Updated April 7, 2021 - 1:41 pm
When the Beastie Boys played the Huntridge Theater in 2004, they performed to a jam-packed, sold-out crowd.
J Dapper, then 26, was in the audience, taking in one of many concerts he saw at the historic Las Vegas venue. Today, the Huntridge is run down and a regular gathering spot for homeless — and Dapper, its new owner, wants to bring the long-shuttered theater back to life.
Dapper, founder of real estate firm Dapper Companies, closed his $4 million purchase of the World War II-era theater March 31, in a deal facilitated by city officials. His firm said it will spend the next three years renovating the place.
In a nod to a Beastie Boys hit song, Dapper bought the venue through a limited liability company called Brass Monkey, property records show.
Buying and reviving the Huntridge is no simple task. The city helped clear a path for the sale after it intervened in litigation against the former owners, and the venue, which needs renovations inside and out, is on government registers of historic places, limiting the construction Dapper can do.
On top of that, Dapper completed his purchase more than a year into the coronavirus pandemic, which left performing-arts venues dark in Las Vegas and around the U.S.
‘Much bigger hill’
Dapper, 43, owns other commercial real estate near the Huntridge and has said he tried on and off for the past decade to buy the venue, located at the southeast corner of Charleston Boulevard and Maryland Parkway.
Closing the purchase feels like pedaling to the top of a big hill, enjoying it for a moment, and knowing there is more to climb ahead, he said.
“I’m ready for that much bigger hill,” he told the Review-Journal during an interview inside the theater last week.
The Las Vegas City Council approved a plan in 2019 to help sell the Huntridge from its longtime owners, the Mizrachi family, to Dapper, who said it was hard to “stay steadfast” with the deal after the pandemic hit.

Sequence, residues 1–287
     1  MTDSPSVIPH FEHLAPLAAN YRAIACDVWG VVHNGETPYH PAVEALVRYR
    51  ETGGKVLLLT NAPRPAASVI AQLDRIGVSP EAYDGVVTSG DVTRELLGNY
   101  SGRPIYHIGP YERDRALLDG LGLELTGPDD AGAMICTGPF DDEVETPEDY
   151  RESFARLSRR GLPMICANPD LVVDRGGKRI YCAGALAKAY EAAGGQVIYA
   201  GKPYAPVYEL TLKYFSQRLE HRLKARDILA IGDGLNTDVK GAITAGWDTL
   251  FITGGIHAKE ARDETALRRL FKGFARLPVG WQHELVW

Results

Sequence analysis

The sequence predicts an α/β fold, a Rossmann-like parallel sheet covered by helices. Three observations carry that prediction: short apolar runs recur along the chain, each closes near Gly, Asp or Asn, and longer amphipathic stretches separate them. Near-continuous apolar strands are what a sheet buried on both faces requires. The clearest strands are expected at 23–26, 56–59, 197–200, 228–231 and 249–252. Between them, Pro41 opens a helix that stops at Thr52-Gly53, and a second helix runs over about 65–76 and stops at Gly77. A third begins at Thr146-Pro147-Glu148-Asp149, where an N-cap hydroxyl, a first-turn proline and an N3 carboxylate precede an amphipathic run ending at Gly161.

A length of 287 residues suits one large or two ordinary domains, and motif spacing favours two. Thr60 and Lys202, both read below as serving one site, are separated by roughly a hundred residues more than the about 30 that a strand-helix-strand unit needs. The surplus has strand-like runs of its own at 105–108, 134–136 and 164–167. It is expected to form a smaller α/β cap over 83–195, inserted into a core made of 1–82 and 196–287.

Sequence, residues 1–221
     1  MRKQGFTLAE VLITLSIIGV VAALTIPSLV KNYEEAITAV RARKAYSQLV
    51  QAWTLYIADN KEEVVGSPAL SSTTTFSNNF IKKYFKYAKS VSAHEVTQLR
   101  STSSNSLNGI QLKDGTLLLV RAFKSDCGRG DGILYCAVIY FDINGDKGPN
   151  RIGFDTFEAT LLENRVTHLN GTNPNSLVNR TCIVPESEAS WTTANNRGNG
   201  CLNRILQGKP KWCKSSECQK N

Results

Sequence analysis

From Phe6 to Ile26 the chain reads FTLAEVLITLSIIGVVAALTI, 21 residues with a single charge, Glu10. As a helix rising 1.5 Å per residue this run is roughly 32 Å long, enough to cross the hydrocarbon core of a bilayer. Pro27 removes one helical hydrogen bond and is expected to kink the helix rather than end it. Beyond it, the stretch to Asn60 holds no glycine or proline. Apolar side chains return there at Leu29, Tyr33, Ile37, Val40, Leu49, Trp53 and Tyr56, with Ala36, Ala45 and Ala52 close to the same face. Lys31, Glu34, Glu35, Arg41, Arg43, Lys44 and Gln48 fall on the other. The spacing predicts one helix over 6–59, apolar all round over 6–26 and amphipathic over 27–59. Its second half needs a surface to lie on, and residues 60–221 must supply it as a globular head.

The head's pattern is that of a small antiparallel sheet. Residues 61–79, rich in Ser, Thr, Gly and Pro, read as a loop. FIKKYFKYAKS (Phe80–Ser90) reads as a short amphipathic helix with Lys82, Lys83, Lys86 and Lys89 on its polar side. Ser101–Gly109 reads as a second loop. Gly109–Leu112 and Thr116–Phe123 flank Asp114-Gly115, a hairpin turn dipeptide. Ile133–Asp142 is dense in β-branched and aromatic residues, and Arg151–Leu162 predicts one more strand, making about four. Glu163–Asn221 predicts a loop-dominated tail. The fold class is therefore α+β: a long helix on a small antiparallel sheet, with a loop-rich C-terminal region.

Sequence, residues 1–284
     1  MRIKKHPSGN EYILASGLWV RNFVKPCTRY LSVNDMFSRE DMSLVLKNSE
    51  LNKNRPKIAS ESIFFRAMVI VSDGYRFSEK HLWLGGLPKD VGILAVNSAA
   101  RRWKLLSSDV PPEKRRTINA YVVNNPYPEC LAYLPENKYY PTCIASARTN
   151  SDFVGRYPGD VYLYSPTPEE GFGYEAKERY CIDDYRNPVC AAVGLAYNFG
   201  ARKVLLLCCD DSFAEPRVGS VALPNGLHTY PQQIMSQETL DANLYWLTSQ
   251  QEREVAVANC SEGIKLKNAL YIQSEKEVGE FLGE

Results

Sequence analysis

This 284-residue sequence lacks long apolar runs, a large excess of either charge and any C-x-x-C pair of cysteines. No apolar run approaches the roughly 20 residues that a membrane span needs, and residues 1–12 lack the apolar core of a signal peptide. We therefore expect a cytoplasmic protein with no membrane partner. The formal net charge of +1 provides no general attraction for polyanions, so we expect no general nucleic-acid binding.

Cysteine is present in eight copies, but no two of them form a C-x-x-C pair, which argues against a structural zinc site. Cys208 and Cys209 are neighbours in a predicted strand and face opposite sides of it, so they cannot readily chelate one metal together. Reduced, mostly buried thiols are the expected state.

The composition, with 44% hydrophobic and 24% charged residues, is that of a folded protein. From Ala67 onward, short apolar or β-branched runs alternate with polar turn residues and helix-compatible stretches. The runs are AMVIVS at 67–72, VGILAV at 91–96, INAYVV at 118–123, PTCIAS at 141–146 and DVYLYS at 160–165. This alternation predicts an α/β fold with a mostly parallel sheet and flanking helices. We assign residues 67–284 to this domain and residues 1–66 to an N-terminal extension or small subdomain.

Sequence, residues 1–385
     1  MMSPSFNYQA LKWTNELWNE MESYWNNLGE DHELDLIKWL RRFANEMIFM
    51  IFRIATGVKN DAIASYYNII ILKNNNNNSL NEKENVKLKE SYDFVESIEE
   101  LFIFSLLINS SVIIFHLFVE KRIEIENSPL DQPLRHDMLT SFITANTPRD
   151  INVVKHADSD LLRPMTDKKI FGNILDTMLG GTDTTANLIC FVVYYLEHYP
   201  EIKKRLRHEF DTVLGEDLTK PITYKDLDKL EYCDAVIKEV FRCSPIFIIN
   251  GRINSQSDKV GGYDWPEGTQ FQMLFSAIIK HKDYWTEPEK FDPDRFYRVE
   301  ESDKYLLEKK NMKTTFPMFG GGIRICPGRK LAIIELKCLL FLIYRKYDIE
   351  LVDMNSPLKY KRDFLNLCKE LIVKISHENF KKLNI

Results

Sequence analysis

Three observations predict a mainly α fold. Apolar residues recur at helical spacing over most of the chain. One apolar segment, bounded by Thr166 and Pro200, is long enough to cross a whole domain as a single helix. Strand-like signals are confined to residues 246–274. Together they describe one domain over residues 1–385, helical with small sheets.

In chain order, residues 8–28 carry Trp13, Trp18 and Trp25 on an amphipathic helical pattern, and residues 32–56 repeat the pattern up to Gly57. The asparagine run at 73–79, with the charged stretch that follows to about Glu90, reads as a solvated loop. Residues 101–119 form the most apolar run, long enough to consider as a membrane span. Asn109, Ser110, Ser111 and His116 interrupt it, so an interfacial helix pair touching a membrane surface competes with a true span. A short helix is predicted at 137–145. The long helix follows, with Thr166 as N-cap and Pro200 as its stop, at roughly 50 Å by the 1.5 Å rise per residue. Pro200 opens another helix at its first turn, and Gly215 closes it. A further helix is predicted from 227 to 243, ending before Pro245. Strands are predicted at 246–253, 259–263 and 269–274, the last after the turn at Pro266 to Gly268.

However, he’s setting out to revive a building that many locals care about and one that he’s been passionate about for a long time, he said.
Dapper has estimated that it will cost around $10 million to renovate the theater building and $5 million to $8 million to fix up the adjacent retail space. If he thought he would spend more to fix up the Huntridge than it would be worth one day, he wouldn’t have bought it, he said.
“I’m not doing this to lose money,” Dapper said.
From bands to blight
Built in 1944, the Huntridge showed movies for decades and was a top concert venue by the 1990s. The Mizrachi family acquired it in 2002 and closed it for renovations in 2004, but amid escalating construction costs, owner Eli Mizrachi said the next year that he and the building were in “limbo.”
Multiple efforts to revive the venue have since come and gone. In 2007, for instance, a bill in the Nevada Assembly proposed spending $8.5 million to buy and restore the Huntridge as a cultural and performing arts center, and in 2013, three downtown businessmen banded together to try to buy and renovate the theater.
Former Las Vegas City Attorney Brad Jerbic, who worked to facilitate the sale to Dapper, said that he is “ecstatic” the deal closed, and that it’s “heartbreaking” to see old buildings such as the Huntridge fall into disrepair or worse in Las Vegas.
Whenever he’d see a plume of smoke rise from the downtown area, he prayed it wasn’t the Huntridge sign going up in flames, he said.
Jerbic said the property has been a regular gathering spot for homeless — he saw some hypodermic needles out front just three or four months ago — and he also worried the pandemic would derail Dapper’s purchase.
“He never backed down,” Jerbic said.